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Dodd-Frank: Four Years Later

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As the fourth anniversary of the Dodd-Frank Act’s passage into law hit in late July, regulators and lawmakers aired their opinions about how the financial reform law is working—or not.

Former Senator Christopher Dodd said in mid-July that he believes the financial reform law that bears his name is “working pretty well,” and he warned lawmakers to be “extremely cautious” in reopening the law to changes.

However, Daniel Gallagher, commissioner at the Securities and Exchange Commission, opined a day after Dodd spoke that the SEC has been “distracted” by the slew of Dodd-Frank rulemakings that have nothing to do with the agency’s core mission.

Speaking at a meeting held by the Bipartisan Policy Center in Washington titled “Dodd-Frank at Four: Making Progress, Meeting Challenges & Finding Solutions,” Dodd—who served in the Senate for 30 years and was chairman of the Senate Banking Committee—conceded that by “no means is Dodd-Frank a perfect law.” He said that the “political, financial and social environment today is vastly different” than it was when Dodd-Frank was drafted and passed into law on July 21, 2010, “in the aftermath of the worst financial crisis in history,” and that “opening up” the law today would create a “Pandora’s box” and “cause more harm than good.”

Eugene Ludwig, founder and CEO of Promontory Financial Group and a former comptroller of the currency, agreed in his remarks at the BPC event that Dodd-Frank “has made the financial system safer and more stable.”

Dodd, who’s now the chairman and CEO of the Motion Picture Association of America, said that because of Dodd-Frank, “the sense of confidence” in the “economic well-being and soundness of our nation’s financial institutions is returning.” He added, however, that “we’re not entirely out of the woods yet,” noting that the rulemaking process at agencies “has slowed,” with agencies like the SEC having “far too many rules to implement.”

But Dodd expressed disappointment with what he said is a “purposeful lack of funding” for the Commodity Futures Trading Commission and the SEC by opponents of Dodd-Frank. He said a “goal” of his during the drafting of the law was to ensure self-funding for both agencies, and that the continued lack of funding starves the agencies’ “ability to do their jobs and places the country at risk.”

As to why Section 913 of Dodd-Frank gave the SEC the option to create a uniform fiduciary standard for brokers and didn’t mandate a rule, Dodd said that when the law was drafted, that provision was made “optional because I was faced with a problem: If it was more than optional, the bill would die.” Because of the interest and debate surrounding the fiduciary issue, Dodd said, “we did leave” that decision to the SEC.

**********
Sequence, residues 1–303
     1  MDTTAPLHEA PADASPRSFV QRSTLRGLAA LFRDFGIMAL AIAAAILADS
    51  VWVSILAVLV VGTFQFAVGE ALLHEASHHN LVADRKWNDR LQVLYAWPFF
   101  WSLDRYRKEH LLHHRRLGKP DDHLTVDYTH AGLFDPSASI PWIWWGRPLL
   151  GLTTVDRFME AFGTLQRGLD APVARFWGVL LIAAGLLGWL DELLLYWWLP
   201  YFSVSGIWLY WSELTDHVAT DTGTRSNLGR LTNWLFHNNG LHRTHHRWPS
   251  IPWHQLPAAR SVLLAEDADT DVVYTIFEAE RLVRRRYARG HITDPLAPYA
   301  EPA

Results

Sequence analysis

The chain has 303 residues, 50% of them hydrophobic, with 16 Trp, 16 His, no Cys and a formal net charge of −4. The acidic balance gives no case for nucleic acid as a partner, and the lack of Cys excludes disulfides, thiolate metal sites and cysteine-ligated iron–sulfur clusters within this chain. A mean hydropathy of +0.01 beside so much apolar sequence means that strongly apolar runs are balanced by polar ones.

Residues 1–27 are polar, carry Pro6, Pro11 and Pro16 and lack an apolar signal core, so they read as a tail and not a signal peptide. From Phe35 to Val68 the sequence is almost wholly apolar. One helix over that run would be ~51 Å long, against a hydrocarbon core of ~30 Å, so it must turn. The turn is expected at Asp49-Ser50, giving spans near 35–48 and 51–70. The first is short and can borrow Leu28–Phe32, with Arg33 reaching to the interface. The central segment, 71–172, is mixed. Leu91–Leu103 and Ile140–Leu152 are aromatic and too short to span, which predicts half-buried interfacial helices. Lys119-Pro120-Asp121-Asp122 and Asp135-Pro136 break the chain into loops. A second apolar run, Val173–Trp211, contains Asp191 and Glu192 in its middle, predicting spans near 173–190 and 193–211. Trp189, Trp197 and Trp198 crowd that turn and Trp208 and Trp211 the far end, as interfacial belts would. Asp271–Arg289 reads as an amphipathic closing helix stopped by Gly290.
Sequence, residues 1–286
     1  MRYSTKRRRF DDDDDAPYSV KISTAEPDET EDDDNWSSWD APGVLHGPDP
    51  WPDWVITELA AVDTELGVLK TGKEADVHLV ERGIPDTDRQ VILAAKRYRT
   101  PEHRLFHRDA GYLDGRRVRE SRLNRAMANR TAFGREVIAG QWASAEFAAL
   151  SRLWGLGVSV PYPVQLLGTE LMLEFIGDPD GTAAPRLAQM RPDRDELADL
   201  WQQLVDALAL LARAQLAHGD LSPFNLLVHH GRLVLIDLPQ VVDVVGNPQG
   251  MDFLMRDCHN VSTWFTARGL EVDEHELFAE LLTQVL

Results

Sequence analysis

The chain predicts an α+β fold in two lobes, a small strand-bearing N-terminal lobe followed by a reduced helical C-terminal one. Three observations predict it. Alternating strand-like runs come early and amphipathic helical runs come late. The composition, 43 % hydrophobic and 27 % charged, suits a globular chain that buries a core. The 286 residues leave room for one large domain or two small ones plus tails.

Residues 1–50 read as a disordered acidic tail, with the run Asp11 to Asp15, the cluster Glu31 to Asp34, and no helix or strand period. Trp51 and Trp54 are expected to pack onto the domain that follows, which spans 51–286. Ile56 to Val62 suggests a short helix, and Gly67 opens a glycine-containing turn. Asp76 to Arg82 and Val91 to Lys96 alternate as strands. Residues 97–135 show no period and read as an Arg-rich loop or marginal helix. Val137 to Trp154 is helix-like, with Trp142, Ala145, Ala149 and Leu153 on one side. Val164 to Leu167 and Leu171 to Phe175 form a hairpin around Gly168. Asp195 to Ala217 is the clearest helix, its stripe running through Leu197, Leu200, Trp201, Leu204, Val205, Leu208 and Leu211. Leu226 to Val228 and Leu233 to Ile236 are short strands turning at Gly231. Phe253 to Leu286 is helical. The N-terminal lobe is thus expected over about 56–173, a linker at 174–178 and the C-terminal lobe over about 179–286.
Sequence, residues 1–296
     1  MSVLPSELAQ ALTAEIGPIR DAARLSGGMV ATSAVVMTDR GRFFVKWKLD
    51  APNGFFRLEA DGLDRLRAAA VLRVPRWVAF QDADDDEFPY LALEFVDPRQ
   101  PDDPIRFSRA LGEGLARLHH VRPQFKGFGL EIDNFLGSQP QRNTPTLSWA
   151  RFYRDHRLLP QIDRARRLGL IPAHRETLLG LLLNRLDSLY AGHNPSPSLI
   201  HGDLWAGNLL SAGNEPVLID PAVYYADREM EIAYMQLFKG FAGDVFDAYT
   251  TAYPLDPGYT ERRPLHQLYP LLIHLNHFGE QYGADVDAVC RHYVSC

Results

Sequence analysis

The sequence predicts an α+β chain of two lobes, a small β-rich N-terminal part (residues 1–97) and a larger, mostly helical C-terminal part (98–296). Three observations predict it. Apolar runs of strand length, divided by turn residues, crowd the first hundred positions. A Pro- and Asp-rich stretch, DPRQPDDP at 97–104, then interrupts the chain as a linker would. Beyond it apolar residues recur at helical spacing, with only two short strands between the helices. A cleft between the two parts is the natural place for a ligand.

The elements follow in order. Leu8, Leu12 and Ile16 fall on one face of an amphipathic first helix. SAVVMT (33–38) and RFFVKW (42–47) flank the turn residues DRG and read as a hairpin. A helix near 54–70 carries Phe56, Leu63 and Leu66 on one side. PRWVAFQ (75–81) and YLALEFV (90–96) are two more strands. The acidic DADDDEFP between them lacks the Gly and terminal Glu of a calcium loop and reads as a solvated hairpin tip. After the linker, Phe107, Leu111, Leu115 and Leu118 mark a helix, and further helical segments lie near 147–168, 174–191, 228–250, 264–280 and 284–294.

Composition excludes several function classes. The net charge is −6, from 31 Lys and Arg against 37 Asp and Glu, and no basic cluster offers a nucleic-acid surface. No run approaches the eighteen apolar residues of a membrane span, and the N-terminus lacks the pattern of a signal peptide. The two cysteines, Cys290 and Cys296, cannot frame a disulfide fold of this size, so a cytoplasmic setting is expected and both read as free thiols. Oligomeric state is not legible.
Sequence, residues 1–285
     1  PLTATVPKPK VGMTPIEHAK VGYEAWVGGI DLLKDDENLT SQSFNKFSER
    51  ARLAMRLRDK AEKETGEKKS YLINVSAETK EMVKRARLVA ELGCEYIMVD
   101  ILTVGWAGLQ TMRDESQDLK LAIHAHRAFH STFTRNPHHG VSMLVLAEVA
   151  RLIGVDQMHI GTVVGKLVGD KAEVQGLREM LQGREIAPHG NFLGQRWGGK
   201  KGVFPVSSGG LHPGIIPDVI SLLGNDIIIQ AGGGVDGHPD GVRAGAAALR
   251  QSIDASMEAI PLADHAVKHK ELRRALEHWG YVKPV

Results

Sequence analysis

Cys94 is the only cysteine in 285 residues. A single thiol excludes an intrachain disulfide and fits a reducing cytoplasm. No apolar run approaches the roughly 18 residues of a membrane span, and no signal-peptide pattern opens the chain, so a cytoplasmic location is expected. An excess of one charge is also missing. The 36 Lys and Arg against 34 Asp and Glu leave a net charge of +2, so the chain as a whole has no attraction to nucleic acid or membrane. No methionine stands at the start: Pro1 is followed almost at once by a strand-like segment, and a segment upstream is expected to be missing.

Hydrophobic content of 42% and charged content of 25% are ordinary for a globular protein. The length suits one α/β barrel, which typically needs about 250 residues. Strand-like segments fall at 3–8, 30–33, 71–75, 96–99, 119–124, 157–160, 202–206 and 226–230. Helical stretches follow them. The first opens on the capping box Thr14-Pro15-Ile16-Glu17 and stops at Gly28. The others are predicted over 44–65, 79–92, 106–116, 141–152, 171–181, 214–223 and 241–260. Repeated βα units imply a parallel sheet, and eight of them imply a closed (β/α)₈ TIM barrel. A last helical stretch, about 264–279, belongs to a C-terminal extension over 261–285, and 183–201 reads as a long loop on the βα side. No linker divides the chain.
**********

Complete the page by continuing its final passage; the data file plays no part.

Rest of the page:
Dodd added: “I’m watching what [the SEC] will do [regarding a fiduciary rule for brokers;] whether they will have the resources to do it I can’t predict.”

The BPC, which launched a bipartisan financial regulatory reform initiative in the fall of 2012 to propose changes and reforms to Dodd-Frank, released the same day a list of solutions for regulators and lawmakers on ways to “improve” upon the law. Since its inception, the initiative has proposed 100 recommendations, with more than 20 being adopted by regulators, but none by lawmakers.

SEC Commissioner Gallagher told attendees in mid-July at an event held jointly by the Cato Institute and the Mercatus Center at George Mason University at the Newseum in Washington that since the passage of Dodd-Frank four years ago, the law’s rulemaking mandates have been an “unfettered distraction” for the securities regulator and that the agency has been on a “death march” to finish Dodd-Frank rulemakings that are unrelated to its core mission.

The event was titled “After Dodd Frank: The Future of Financial Markets.”

“The amount of time consumed” at the SEC on Dodd-Frank rulemakings that are “entirely unrelated to the agency’s core mission and entirely unrelated to what caused the financial crisis itself is a shame, and taxpayers should be horrified,” Gallagher said.

He opined that the root cause of the financial crisis was “failed federal housing policy and loose monetary policy,” none of which was addressed in Dodd-Frank.

SEC Chairwoman Mary Jo White noted in remarks a day after Gallagher’s comments, however, that Dodd-Frank Act mandates that “stand apart” to her include “asset management, especially private fund advisors; proprietary activities by financial institutions; derivatives; clearance and settlement; credit rating agencies; asset-backed securities; municipal advisors; and executive compensation.”

While the agency has completed 42 rulemakings out of 100 mandated ones, Gallagher added that it was a “silly notion” to think that the SEC could actually meet the one- to two-year deadlines imposed by Congress.

“Unfortunately,” he said, the SEC is “still getting lots of pressure to finish the remaining 58 rulemakings on its plate.”

Click here to see 10 suggestions from the Bipartisan Policy Center on how regulators can improve Dodd-Frank.


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